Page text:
Education: Pete McDonald retiring from Georgia Northwestern Technical College on March 31. He’ll leave as Whitfield Murray Campus expansion nears completion.

Education: Pete McDonald retiring from Georgia Northwestern Technical College on March 31. He’ll leave as Whitfield Murray Campus expansion nears completion.

Media release: After 24 years of service in education, Georgia Northwestern Technical College President Pete McDonald has announced that he will retire March 31.

McDonald was appointed president of GNTC by the Technical College System of Georgia in September 2013.  Prior to his presidency, McDonald served as vice president of Economic Development when he joined the college in April 1995.

“It has been an honor for me to work with the dedicated faculty and staff of GNTC for the last 24 years. Everyone at GNTC is totally dedicated to the career success and the educational success of our students. It is very pleasing for me as I travel around our nine counties and meet former students who are working successfully in various jobs in industry, business offices, and medical occupations. Their lives have been enriched by our college and the opportunities made possible by the State of Georgia,” said McDonald.

McDonald has placed a strong focus on the mission of the college to enhance the workforce of today and tomorrow for the employers in Northwest Georgia. According to McDonald, listening to the education needs of employers and being responsive to those needs is very important for the economic growth of the region.

Under McDonald’s guidance, Georgia Northwestern made a commitment to student success and completion.  GNTC was one of 12 institutions selected into the Achieving the Dream National Reform Network in June 2014.  The college began working to identify and implement evidence-based strategies for closing achievement gaps and increasing student retention, persistence, and graduation rates.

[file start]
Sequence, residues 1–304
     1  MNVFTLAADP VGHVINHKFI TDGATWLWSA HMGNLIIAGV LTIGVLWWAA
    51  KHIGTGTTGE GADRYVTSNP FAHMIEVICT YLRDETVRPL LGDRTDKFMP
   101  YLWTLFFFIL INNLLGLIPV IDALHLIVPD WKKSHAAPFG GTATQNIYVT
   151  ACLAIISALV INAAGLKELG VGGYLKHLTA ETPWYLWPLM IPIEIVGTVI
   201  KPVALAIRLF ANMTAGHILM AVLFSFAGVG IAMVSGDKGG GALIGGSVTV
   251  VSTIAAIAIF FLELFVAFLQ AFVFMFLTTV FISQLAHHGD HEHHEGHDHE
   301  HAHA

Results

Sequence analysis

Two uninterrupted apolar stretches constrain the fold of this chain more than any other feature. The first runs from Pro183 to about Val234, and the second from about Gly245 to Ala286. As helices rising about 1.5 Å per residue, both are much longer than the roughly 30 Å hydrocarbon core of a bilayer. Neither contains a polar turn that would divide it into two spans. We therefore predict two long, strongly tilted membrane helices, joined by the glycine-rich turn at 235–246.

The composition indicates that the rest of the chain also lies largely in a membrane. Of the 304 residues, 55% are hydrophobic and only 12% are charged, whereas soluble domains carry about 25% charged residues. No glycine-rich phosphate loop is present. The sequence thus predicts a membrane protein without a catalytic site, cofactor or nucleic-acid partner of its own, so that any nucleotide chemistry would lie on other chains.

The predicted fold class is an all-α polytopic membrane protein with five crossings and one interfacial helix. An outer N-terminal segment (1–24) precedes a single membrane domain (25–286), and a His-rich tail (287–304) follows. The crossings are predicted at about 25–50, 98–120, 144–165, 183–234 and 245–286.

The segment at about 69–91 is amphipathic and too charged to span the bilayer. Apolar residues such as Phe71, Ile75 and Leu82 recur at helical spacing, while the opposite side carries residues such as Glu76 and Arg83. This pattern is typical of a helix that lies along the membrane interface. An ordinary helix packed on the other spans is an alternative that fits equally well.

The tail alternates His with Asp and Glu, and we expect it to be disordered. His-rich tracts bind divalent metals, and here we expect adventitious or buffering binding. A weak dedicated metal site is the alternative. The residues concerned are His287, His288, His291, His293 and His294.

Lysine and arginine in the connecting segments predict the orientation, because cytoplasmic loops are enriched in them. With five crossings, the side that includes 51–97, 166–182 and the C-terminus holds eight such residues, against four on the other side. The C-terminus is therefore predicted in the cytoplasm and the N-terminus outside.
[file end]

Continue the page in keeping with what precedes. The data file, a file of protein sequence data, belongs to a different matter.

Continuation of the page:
The college opened its sixth campus in September 2016.  The 60,000-square-foot Catoosa County Campus is off Alabama Highway in Ringgold.

McDonald was instrumental in making the Whitfield Murray Campus expansion a reality.  The college broke ground on the project in July 2017.  The $23.7 million, 80,000-square-foot expansion is expected to be complete in spring 2019 (more on it below).

Putting a focus on high school partnerships, McDonald has played a vital role in Georgia Northwestern being the number one technical college in the state of Georgia for dual enrolled students for four consecutive years from 2014-2017, with the second highest number in 2018.  He has also worked hard to cultivate a cooperative partnership between GNTC and the local College and Career Academies.

Sighting safety as the highest priority, McDonald gained state approval in 2018 to create the college’s own police force to handle incidents and promote student, faculty, staff, and visitor safety at each of GNTC’s six campuses.